Evidence against bicarbonate reabsorption in the ascending limb, particularly as disclosed by free water clearance studies

D. W. Seldin, J. M. Rosin, F. C. Rector

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3 Scopus citations


Bicarbonate reabsorption in the thick ascending limb of Henle's loop was examined by studies of free water clearance (C(H2O)) and free water reabsorption (T(c H2O)). During maximal water diuresis in the dog, C(H2O)/GFR was taken as an index of sodium reabsorption in, and urine flow (V/GFR) as an index of delivery of filtrate to, this segment. Three different procedures, infusion of hypotonic sodium bicarbonate, infusion of a nonreabsorbable solute (hypotonic mannitol) and administration of an inhibitor of bicarbonate reabsorption (acetazolamide), all increased C(H2O)/GFR per unit V/GFR to a similar extent, but less than that achieved with hypotonic saline infusion. This suggests that sodium bicarbonate is not reabsorbed in the ascending limb. Rather, it is the sodium chloride, swept out of the proximal tubule by osmotic diuresis due to nonreabsorbed mannitol or sodium bicarbonate, that is reabsorbed in the ascending limb thereby increasing C(H2O), whereas the nonreabsorption of mannitol and sodium bicarbonate results in a depressed C(H2O) per unit V when compared with hypotonic saline. V/GFR is not a satisfactory index of delivery to the ascending limb during osmotic diuresis, since it includes water obligated by nonreabsorbable solutes. When a better index of delivery, the sum of the clearances of chloride (C(Cl)) and free water (C(H2O)) is used, hypotonic bicarbonate infusion, hypotonic mannitol infusion and acetazolamide administration increase C(H2O)/GFR per unit delivery to the same extent as does hypotonic saline infusion. Studies in dogs and rats on T(c H2O) also indicate that sodium bicarbonate is an impermeant solute in the ascending limb. Osmotic diuresis due to sodium bicarbonate diuresis, produced either by inhibition of sodium bicarbonate reabsorption (acetazolamide, L lysine monohydrochloride) or infusion of sodium bicarbonate, or mannitol diuresis both produced marked chloruresis and increased T(c H2O) to the same extent as did hypertonic saline infusion. If chloride excretion was almost eliminated by hemodialysis against a chloride free dialysate (dogs) or prolonged feeding of a salt free diet (rats), T(c H2O) formation was unimpaired if hypertonic saline was infused but virtually obliterated during mannitol or sodium bicarbonate diuresis. Sodium reabsorption in the ascending limb, therefore, appears to be dependent upon chloride as the accompanying anion. At any given rate of bicarbonate excretion, more chloride is delivered out of the proximal tubule (as estimated from C(Cl) + C(H2O)) with hypotonic sodium bicarbonate infusion than with acetazolamide administration. This suggests that magnitude of the chloruresis accompanying bicarbonate diuresis depends, not only on osmotic diuresis due to nonreabsorbed sodium bicarbonate, but also on the extent to which concomitant changes in effective extracellular volume influence overall sodium chloride reabsorption.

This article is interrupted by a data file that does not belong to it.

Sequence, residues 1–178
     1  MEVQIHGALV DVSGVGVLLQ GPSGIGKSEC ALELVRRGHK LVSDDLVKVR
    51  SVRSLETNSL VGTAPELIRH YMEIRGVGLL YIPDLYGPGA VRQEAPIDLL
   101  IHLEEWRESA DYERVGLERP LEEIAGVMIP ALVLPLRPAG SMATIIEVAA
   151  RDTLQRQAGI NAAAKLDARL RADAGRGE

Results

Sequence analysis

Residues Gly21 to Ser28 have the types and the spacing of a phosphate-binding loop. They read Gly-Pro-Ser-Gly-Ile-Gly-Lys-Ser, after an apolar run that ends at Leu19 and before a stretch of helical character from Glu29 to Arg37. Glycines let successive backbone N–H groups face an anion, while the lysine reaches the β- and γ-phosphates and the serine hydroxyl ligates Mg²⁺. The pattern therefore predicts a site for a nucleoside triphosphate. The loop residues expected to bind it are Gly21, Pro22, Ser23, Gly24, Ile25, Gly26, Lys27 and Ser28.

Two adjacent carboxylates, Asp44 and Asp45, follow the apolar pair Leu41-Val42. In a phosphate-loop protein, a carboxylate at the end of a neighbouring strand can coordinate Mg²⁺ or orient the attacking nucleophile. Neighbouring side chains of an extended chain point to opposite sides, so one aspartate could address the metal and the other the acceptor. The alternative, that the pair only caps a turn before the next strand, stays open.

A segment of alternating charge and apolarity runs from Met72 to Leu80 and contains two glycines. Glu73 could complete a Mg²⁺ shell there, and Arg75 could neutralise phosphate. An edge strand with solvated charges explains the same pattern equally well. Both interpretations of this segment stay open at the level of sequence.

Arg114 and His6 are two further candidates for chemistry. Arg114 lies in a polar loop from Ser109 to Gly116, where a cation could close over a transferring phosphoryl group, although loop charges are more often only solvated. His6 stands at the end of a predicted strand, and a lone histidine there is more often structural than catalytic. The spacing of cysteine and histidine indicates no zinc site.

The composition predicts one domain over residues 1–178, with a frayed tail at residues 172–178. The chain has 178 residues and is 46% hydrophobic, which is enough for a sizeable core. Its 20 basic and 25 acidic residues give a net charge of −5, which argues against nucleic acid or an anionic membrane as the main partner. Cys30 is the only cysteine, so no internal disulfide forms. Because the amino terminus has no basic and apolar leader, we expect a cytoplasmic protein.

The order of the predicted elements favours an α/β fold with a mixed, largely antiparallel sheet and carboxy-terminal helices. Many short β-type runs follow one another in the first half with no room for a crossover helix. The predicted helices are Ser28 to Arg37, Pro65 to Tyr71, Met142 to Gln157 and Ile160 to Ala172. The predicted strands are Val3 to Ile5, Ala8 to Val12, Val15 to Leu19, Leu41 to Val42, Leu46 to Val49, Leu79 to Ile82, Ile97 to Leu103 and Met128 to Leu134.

Original languageEnglish (US)
Pages (from-to)337-347
Number of pages11
JournalYale Journal of Biology and Medicine
Issue number4
StatePublished - Dec 1 1975

ASJC Scopus subject areas

  • Biochemistry, Genetics and Molecular Biology(all)


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